The science of ergonomics focuses on the interactions between work demands and worker capabilities. The goal is to achieve those interactions between the work and the worker that will not only preserve the safety and health of the workforce but also optimize productivity. Applying the science of ergonomics to pushing and pulling tasks produces a number of guidelines for the design of work involving those tasks.
In the first place, it helps to design work to control the amount of pushing or pulling an employee is expected to do. A good example is to set a limit on the number of shopping carts an employee is expected to collect from the parking lot in one trip. When possible, you can limit the need for pushing or pulling by using applicable mechanical aids. Depending on the environment these might include:
- Conveyer belts
- Powered trucks
- Lift tables
- Slides or chutes
The force required to push or pull can be lowered by reducing the size and/or weight of a load or using four-wheel trucks or dollies. Proper selection and maintenance of hand-trucks and dollies is very important. Wheels or casters should be adequately maintained and bearings should be periodically lubricated. Be sure that the equipment is sized to the task properly, such as with larger diameter wheels and casters for heavier loads.
Floors also affect the ergonomics of pushing and pulling. Floors that are not level increase the difficulty of pushing or pulling, as do floors that are rough. Maintaining floors and applying a surface treatment that reduces friction might be advisable.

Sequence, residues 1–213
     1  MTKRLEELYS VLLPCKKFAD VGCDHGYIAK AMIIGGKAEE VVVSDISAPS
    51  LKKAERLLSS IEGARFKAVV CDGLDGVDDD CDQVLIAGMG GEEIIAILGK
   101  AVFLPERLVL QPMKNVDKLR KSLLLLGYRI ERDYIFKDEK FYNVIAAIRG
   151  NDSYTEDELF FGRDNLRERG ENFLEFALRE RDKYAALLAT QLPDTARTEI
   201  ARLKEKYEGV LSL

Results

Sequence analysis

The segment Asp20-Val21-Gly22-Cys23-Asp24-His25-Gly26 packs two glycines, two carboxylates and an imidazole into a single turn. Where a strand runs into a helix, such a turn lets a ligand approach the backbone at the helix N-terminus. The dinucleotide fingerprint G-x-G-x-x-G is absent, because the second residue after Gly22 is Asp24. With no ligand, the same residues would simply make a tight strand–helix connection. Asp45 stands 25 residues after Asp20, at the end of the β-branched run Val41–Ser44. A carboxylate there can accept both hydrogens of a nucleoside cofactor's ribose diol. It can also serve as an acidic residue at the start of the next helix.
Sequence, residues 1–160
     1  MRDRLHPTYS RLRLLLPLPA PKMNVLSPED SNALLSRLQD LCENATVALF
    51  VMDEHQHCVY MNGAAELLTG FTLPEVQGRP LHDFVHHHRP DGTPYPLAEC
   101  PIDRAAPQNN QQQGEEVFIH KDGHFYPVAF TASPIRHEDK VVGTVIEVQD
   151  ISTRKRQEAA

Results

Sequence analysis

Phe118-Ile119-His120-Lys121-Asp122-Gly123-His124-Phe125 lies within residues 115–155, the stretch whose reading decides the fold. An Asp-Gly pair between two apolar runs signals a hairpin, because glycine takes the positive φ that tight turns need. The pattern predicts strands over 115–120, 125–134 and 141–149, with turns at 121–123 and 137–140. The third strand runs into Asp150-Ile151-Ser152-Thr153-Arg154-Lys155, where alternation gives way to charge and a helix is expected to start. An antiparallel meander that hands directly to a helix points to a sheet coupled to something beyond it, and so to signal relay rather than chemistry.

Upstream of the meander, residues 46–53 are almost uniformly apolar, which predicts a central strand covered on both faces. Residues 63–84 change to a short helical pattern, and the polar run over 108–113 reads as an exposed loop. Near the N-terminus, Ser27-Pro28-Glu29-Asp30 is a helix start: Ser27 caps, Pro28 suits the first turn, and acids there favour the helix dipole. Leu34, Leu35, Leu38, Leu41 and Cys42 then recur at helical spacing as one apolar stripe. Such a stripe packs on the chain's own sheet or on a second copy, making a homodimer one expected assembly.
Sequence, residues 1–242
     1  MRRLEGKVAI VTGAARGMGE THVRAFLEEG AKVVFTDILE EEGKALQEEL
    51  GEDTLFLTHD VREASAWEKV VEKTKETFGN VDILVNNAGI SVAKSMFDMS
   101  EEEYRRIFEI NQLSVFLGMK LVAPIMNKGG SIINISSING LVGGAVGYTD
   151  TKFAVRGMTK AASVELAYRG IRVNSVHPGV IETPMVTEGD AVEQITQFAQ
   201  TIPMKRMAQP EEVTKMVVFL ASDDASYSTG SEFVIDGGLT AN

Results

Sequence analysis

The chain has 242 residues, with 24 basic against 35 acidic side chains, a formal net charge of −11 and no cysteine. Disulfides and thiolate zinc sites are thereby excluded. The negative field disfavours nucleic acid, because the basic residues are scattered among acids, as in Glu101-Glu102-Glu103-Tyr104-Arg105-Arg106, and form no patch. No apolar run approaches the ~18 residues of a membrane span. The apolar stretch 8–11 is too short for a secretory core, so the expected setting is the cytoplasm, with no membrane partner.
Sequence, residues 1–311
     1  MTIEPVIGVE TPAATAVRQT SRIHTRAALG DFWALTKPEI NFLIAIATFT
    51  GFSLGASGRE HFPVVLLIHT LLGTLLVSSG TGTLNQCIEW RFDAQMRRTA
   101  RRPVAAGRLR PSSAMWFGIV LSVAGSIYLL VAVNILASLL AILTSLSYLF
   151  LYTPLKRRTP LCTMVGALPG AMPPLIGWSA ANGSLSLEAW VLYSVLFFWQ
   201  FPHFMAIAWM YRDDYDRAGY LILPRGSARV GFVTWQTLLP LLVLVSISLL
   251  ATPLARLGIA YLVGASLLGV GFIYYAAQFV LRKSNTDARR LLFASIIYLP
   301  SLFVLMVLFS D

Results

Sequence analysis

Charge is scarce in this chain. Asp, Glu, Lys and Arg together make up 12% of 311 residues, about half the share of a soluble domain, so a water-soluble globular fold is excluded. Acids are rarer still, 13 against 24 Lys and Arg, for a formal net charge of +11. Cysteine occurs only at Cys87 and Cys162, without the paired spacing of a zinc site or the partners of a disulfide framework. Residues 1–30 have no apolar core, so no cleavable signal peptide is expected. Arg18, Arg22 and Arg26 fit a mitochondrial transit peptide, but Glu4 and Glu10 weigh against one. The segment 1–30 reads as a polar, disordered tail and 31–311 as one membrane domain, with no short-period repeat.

Reducing the distance of the push or pull is an easy way to improve the ergonomics. Two examples would be moving receiving, storage, production, or shipping areas closer to work production areas and changing the production process to eliminate unnecessary materials handling steps.
Finally, the actions of pushing and pulling can be optimized by:
- Providing variable-height handles so that both short and tall employees can maintain an elbow bend of 80 to 100 degrees.
- Replacing a pull with a push whenever possible. Using ramps with a slope of less than 10%.
Keep in mind that a number of factors influence the ergonomics of horizontal pushing and pulling. These include body weight, height of force application, distance of force application from body (amount of trunk flexion/extension), duration of force applied or distance moved, and the availability of a structure against which the feet or back can push to prevent slippage. For vertical pushing and pulling, the influential factors include grip strength and height of force application. The height determines which muscles will be used. Pulls from above head level allow for the greatest force because body weight can be used. Pulls from more than 10 inches above the floor also allow the greatest force because strong leg and trunk muscles can be used. Pushing across the front of the body involves weaker shoulder muscles so full arm extension leads to a marked decrease in maximum force.